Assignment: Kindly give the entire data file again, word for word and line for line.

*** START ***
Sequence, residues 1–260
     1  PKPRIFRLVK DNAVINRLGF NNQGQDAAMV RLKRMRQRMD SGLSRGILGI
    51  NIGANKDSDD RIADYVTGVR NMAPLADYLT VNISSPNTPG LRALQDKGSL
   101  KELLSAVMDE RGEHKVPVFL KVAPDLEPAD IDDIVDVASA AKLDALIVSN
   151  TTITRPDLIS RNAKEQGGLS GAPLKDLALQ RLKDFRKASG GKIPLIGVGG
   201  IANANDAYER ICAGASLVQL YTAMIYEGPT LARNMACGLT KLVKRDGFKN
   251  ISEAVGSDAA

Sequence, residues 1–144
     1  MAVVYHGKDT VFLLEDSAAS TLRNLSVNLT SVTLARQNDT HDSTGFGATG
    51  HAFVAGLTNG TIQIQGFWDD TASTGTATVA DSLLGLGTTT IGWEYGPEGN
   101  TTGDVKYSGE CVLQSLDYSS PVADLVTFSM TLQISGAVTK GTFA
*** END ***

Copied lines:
Sequence, residues 1–260
     1  PKPRIFRLVK DNAVINRLGF NNQGQDAAMV RLKRMRQRMD SGLSRGILGI
    51  NIGANKDSDD RIADYVTGVR NMAPLADYLT VNISSPNTPG LRALQDKGSL
   101  KELLSAVMDE RGEHKVPVFL KVAPDLEPAD IDDIVDVASA AKLDALIVSN
   151  TTITRPDLIS RNAKEQGGLS GAPLKDLALQ RLKDFRKASG GKIPLIGVGG
   201  IANANDAYER ICAGASLVQL YTAMIYEGPT LARNMACGLT KLVKRDGFKN
   251  ISEAVGSDAA

Sequence, residues 1–144
     1  MAVVYHGKDT VFLLEDSAAS TLRNLSVNLT SVTLARQNDT HDSTGFGATG
    51  HAFVAGLTNG TIQIQGFWDD TASTGTATVA DSLLGLGTTT IGWEYGPEGN
   101  TTGDVKYSGE CVLQSLDYSS PVADLVTFSM TLQISGAVTK GTFA